For some a new year represents a new opportunity. It’s a chance to start fresh with a clean slate, and to look ahead. But for others January 1st is about looking back exactly 95 years. Because that’s when most books, movies, and songs enter the public domain, where they can be used for free by anyone for their own projects. And this year’s additions to the public domain catalogue include works from some famous authors, filmmakers, and musicians.
But if you were planning on writing the first prequel to The Great Gatsby you’re already too late.
Featured Image: MGM/Scribner Book Company/ RagtimeDorianHenry
Jennifer Jenkins, Director of Duke’s Center for the Study of the Public Domain, has put together a list (which we first learned about at Boing Boing) of the most notable works that officially entered the public domain on January 1st, 2021. All of them should have been open to everyone 20 years ago. However, in 1998 Congress extended the wait time from 75 for many works. (There are all sorts of caveats of what enters the public domain and when you can learn more about here).
This year’s class is highlighted by F. Scott Fitzgerald’s classic novel The Great Gatsby. But he’s far from the only notable writer in the group, which also includes books from Virginia Woolf, Ernest Hemingway, Franz Kafka, Edith Wharton, Sinclair Lewis, Agatha Christie, Aldous Huxley, and more.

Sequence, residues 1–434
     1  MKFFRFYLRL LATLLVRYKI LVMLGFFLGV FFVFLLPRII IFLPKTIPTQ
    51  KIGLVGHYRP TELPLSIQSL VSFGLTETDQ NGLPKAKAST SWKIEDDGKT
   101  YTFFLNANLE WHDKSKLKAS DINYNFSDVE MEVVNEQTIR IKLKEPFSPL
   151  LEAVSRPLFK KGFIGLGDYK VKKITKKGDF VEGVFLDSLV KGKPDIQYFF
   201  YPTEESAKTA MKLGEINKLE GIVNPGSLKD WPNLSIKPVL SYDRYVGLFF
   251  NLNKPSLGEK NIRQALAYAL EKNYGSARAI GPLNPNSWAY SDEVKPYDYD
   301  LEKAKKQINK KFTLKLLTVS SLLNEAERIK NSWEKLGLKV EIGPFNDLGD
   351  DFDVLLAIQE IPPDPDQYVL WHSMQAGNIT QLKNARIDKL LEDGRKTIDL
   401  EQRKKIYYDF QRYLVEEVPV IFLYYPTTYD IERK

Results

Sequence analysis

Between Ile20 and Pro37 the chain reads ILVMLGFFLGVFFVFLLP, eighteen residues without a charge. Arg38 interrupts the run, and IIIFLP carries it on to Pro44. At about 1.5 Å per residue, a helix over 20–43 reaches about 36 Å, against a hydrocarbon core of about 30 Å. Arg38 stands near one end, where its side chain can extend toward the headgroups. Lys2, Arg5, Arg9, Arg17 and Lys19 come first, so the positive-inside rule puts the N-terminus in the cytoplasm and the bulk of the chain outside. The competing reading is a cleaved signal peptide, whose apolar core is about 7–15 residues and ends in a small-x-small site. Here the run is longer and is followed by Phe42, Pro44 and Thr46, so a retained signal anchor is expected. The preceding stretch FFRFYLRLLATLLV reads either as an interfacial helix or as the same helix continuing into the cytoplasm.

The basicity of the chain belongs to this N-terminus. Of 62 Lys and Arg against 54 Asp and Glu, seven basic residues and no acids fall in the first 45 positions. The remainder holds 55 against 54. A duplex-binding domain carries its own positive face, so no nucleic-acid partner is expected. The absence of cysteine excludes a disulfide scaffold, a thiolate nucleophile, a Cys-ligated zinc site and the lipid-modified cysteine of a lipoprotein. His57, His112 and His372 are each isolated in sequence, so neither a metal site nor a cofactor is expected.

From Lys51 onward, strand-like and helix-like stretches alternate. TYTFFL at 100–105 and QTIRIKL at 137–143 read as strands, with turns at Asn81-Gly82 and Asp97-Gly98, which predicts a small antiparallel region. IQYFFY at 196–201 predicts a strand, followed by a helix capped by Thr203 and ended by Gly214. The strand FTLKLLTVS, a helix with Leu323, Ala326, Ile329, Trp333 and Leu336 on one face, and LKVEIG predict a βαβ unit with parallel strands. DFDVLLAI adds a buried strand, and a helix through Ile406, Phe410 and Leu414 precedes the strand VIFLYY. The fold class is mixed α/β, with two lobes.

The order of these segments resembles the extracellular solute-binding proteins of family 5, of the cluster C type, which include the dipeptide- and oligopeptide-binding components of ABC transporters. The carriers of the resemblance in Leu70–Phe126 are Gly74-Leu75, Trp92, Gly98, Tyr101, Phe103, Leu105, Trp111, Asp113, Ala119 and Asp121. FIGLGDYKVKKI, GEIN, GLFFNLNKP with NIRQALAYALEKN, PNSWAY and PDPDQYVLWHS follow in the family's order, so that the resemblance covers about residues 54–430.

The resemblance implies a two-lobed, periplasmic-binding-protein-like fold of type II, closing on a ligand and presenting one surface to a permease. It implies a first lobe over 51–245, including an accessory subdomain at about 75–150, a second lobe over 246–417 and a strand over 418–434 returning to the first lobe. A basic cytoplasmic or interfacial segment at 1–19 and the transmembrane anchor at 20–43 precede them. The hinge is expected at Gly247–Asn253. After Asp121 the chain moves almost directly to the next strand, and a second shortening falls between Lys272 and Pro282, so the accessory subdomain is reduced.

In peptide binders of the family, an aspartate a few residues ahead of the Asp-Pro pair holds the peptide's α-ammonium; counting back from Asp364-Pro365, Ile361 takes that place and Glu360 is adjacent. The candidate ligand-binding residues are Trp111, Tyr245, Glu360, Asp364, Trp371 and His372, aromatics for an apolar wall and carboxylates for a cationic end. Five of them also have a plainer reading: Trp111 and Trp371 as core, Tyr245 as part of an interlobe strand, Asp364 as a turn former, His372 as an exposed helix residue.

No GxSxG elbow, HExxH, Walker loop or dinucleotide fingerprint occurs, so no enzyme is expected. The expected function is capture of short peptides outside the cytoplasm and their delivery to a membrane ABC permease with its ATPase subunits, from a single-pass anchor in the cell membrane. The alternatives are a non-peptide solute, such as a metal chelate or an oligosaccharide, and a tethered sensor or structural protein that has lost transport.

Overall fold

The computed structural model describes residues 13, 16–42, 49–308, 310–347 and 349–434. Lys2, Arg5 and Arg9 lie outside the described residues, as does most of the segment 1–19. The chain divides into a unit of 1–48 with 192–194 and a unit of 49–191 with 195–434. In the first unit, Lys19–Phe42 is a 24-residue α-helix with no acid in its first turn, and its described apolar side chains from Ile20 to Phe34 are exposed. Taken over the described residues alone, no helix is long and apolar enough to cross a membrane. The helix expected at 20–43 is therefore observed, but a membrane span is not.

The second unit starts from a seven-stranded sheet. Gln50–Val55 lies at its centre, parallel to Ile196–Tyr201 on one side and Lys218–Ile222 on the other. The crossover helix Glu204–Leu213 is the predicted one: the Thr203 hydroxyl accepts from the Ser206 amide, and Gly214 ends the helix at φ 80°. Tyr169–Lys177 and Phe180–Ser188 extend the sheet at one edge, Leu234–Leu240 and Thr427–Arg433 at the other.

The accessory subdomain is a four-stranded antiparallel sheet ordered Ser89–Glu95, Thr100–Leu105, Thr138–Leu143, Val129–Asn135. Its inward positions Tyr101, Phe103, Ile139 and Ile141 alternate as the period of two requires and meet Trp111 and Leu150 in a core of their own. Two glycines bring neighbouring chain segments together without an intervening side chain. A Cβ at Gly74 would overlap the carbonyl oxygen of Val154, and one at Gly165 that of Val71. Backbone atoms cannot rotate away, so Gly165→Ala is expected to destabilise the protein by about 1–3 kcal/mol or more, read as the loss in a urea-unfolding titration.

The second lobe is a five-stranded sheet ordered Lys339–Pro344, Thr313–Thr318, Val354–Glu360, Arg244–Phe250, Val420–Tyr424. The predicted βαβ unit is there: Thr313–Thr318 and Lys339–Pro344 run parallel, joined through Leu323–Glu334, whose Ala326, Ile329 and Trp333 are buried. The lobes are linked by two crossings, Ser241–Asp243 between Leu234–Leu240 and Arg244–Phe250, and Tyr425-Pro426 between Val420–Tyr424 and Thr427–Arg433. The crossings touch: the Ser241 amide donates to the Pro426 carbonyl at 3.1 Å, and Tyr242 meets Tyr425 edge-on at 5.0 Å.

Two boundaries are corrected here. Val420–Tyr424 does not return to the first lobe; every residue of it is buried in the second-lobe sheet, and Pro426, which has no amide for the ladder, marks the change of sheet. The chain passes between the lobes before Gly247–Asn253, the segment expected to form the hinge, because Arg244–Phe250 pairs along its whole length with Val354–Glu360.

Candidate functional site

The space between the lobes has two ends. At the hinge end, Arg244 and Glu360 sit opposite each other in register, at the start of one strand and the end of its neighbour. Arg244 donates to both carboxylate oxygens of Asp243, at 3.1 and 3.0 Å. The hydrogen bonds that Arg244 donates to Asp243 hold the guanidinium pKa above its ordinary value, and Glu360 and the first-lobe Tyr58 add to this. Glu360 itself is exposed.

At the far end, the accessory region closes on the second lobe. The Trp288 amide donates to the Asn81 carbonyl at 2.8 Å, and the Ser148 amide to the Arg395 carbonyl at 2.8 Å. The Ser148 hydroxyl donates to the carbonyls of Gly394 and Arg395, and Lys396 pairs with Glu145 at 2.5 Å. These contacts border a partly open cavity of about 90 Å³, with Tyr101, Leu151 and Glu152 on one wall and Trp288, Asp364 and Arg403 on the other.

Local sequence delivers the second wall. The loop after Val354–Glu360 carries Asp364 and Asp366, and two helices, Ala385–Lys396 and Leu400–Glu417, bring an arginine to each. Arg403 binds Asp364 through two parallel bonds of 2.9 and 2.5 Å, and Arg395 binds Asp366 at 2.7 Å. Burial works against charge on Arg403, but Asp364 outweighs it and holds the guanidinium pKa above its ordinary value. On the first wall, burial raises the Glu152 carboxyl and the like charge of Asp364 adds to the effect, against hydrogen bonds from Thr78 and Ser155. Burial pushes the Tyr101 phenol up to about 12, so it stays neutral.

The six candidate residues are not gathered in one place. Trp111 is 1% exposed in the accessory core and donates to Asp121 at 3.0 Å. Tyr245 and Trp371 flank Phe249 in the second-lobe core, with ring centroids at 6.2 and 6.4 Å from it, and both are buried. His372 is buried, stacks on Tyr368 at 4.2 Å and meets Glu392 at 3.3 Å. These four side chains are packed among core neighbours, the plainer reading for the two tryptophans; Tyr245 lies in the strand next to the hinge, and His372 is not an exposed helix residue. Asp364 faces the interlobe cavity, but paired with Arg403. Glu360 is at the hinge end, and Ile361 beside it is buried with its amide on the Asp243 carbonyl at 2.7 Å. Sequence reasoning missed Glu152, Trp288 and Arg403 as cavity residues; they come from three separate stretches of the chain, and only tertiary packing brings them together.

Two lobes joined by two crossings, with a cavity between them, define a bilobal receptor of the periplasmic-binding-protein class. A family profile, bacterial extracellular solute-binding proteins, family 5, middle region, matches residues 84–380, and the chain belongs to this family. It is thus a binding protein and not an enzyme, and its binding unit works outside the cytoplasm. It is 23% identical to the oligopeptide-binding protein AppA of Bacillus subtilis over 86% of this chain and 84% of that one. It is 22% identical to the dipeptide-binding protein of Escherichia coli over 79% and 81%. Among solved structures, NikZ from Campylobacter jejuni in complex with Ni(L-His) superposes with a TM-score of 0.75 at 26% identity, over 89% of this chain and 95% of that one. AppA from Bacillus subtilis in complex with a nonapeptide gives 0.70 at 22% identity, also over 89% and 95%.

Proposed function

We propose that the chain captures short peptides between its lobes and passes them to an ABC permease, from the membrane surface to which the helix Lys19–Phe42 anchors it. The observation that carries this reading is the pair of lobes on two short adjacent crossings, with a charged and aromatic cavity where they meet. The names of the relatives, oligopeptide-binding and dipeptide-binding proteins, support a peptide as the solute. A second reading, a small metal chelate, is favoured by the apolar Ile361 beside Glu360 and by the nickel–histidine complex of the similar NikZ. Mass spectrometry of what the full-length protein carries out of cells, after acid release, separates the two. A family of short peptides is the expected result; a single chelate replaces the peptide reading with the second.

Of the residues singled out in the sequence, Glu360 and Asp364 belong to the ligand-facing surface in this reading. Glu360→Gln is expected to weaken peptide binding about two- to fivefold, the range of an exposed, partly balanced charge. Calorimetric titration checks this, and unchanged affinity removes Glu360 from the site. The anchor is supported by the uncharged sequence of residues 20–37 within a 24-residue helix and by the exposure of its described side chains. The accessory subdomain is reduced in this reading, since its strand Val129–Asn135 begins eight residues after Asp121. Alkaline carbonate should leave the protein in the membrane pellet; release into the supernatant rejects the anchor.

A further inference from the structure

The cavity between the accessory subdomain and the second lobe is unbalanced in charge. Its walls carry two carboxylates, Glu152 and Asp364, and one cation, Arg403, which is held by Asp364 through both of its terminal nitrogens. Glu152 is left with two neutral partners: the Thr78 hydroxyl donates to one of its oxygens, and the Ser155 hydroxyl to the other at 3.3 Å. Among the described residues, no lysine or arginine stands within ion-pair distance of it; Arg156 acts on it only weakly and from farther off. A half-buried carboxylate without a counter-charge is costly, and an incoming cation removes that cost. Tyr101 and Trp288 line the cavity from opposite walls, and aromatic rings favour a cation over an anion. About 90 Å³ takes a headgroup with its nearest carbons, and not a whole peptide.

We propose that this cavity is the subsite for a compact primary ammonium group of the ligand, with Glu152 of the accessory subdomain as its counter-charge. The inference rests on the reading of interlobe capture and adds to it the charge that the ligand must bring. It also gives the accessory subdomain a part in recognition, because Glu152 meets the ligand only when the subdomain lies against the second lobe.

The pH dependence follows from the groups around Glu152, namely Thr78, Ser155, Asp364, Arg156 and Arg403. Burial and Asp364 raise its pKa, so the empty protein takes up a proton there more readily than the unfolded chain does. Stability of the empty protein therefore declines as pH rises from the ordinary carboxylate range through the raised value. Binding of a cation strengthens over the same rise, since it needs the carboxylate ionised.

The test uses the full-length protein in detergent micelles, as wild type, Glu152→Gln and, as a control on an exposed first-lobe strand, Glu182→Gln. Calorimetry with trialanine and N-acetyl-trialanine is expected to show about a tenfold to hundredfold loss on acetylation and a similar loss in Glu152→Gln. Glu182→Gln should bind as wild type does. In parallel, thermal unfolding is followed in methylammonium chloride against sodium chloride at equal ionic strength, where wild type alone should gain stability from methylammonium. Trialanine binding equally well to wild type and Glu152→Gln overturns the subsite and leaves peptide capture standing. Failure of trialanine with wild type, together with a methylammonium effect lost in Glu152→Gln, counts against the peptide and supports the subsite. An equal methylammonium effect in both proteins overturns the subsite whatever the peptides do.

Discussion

There are also memorable movies Harold Lloyd (The Freshman) and Buster Keaton (Go West). And now musicians everywhere can play “Sweet Georgia Brown” for free, as well as tracks from “The Mother of the Blues,” Gertrude “Ma” Rainey, W.C. Handy, Duke Ellington and Fats Waller. All of the the works in Jenkins’ list will begin appearing in various forms online for the public to find them. That includes at the Internet Archive, HathiTrust, Google Books, Project Gutenberg, and more.
One work you won’t find there though is Michael Farris Smith’ new novel Nick. It’s a prequel to The Great Gatsby already in stores, just days after Fitzgerald’s novel became fair game.
We shouldn’t be too surprised by that, though. We had 95 years to see this coming.